Going Down, Coming Back Up

Claudio Monteverdi’s Orfeo wasn’t actually the first opera, but I’m pretty sure it’s the earliest opera that is still being performed today. The story of Orpheus has an enduring relevance for composers, and not just because Orpheus was the Greeks’ idea of a semi-divine musician.

Orpheus undertook an arduous (and ultimately ill-fated) journey into the Underworld. He started in a happy place, and then had to explore a difficult alien realm. He emerged transformed.

It doesn’t take much imagination to see the journey of Orpheus in much of the music of the classical period. Beginning with the early Baroque works in binary form, the music begins in one place (the key of the tonic), migrates to a new place (the key of the dominant), and then returns home at the end (to the tonic).

By the time of Haydn and Mozart, this simple formula had developed into the sonata-allegro form, which was a mainstay of European composers throughout the 19th century. It always seemed to work. In the development section, which falls in the middle of a sonata-allegro movement, we can glimpse unhappy Orpheus attempting to prevail upon Hades for the return of his bride.

The weakness of a lot of recent electronic music, it seems to me, is that we’ve forgotten about Orpheus. Again and again, a composer starts out with an intriguing idea … and then fails to develop it. The music hangs up on a static plane; it never descends into the Underworld.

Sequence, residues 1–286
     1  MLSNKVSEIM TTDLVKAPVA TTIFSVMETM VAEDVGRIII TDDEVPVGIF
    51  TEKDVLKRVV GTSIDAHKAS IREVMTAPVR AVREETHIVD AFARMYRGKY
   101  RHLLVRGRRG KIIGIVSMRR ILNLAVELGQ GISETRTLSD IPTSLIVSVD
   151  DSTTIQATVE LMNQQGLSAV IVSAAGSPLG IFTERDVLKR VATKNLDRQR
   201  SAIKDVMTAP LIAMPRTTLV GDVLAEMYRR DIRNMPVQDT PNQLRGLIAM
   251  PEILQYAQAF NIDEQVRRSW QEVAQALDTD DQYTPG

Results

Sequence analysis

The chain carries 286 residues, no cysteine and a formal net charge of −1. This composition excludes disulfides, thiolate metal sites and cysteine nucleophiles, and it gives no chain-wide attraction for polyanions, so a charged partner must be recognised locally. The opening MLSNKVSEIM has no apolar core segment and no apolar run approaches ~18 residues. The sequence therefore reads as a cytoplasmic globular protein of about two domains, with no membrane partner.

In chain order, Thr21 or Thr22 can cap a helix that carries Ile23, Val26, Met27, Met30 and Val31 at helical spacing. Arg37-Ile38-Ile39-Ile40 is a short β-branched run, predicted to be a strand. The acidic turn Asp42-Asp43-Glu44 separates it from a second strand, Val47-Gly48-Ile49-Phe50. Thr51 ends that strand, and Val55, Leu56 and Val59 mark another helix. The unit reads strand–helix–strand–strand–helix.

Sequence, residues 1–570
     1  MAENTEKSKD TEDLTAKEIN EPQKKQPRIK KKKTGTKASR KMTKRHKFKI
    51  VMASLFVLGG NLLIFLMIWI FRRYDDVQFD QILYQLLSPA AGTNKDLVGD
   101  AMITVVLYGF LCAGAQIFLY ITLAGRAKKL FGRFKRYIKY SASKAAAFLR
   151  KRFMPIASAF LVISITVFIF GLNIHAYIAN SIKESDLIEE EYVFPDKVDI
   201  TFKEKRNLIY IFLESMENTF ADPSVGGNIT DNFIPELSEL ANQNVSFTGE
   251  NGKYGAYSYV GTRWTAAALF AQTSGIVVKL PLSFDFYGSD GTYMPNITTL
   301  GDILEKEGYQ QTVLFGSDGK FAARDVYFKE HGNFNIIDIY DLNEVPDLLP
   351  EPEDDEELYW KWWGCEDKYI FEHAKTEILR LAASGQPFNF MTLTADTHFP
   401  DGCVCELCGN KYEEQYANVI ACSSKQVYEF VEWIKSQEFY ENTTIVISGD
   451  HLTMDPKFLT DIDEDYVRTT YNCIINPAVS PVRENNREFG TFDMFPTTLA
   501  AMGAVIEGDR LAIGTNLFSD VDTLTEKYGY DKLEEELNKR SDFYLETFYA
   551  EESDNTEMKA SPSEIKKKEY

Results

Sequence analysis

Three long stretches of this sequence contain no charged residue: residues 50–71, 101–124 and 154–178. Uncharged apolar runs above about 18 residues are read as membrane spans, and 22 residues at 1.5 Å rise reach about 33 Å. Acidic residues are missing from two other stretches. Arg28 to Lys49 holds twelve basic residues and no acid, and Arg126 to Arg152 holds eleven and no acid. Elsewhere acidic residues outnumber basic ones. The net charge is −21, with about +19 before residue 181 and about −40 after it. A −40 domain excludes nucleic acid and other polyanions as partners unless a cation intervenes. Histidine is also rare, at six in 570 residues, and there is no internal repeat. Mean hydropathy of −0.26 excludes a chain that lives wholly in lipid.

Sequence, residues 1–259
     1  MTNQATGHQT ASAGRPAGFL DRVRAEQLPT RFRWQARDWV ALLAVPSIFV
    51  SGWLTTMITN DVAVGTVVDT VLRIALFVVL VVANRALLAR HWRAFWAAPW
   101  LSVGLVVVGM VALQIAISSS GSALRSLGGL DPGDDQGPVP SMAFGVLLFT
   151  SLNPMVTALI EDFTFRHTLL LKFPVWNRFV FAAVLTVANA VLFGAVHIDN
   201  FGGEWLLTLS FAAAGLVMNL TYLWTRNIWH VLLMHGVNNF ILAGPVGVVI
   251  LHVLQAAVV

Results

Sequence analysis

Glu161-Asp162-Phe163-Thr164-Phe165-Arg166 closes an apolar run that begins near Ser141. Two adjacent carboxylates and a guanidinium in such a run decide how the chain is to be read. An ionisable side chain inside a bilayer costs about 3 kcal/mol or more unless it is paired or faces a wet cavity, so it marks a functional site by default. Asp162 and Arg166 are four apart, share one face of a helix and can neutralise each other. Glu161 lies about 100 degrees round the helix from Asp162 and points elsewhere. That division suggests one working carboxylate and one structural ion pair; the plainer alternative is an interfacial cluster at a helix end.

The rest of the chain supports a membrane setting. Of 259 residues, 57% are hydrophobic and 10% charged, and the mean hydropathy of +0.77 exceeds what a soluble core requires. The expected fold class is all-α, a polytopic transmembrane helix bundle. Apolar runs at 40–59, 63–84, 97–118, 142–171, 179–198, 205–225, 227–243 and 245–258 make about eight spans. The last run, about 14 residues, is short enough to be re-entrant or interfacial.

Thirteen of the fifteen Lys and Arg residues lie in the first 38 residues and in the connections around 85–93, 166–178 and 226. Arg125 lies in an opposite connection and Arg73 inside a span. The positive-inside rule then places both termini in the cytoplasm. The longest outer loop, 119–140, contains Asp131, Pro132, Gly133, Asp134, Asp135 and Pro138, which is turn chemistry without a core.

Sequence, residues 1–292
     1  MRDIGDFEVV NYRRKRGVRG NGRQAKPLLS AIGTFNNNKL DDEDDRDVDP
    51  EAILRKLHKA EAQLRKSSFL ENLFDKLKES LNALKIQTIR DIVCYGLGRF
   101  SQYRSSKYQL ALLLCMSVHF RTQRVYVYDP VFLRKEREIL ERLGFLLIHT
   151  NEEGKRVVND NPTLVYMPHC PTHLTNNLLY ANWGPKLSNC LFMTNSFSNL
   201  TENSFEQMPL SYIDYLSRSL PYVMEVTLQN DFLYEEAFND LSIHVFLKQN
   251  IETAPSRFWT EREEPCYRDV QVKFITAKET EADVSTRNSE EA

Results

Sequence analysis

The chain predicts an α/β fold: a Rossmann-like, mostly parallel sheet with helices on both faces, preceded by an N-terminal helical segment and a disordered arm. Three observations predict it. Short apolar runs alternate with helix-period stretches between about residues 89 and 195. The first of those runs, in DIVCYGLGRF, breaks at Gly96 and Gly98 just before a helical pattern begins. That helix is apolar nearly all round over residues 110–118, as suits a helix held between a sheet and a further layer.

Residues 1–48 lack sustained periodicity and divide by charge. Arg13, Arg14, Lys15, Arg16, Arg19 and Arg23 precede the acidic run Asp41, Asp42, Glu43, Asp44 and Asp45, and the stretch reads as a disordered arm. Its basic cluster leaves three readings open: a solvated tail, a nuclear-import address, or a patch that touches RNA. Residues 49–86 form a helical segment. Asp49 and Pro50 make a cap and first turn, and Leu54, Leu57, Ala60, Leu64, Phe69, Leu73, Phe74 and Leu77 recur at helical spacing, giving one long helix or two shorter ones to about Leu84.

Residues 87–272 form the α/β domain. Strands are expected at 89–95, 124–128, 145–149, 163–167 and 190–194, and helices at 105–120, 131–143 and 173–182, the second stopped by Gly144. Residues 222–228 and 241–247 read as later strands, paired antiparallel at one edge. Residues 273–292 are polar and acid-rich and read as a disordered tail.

I can’t help feeling that a piece of music should tell a story. I don’t mean this in a programmatic way: I don’t mean that every piece of music needs to be tied to some specific narrative. Or maybe I do. Ultimately, I don’t think the legend of Orpheus is as much a narrative as it is an archetype. It’s about a musician, but it’s also about the hero’s journey.

A story should have a beginning, a middle, and an end. So should a piece of music. Merely having an inception, a continuation, and a cessation is not enough. The middle needs to be different from the beginning, and the end needs to reflect, somehow, the fact that we’ve already heard the middle. The piece needs to lead us from one place to another in ways that make some sort of stylistic sense — that surprise and also satisfy us.

There’s a school of thought in contemporary music — and perhaps we can detect the influence of John Cage here, or the influence of Zen Buddhism — that every moment is a new experience. Anything can happen, or not, at any time. In a minimalist piece, very little may happen, other than an unceasing reshuffling of details. And I’d put a lot of dance music squarely in the minimalist camp.

I’m never very satisfied by music that’s composed along these lines. Cage said, “I have nothing to say, and I am saying it, and that is music.” To which I would respond, “You have nothing to say, so I am not going to waste time listening to you, and that is music too.”

If you care about your listeners, take them on a journey. If you don’t care about your listeners, then maybe you should take up miniature golf.

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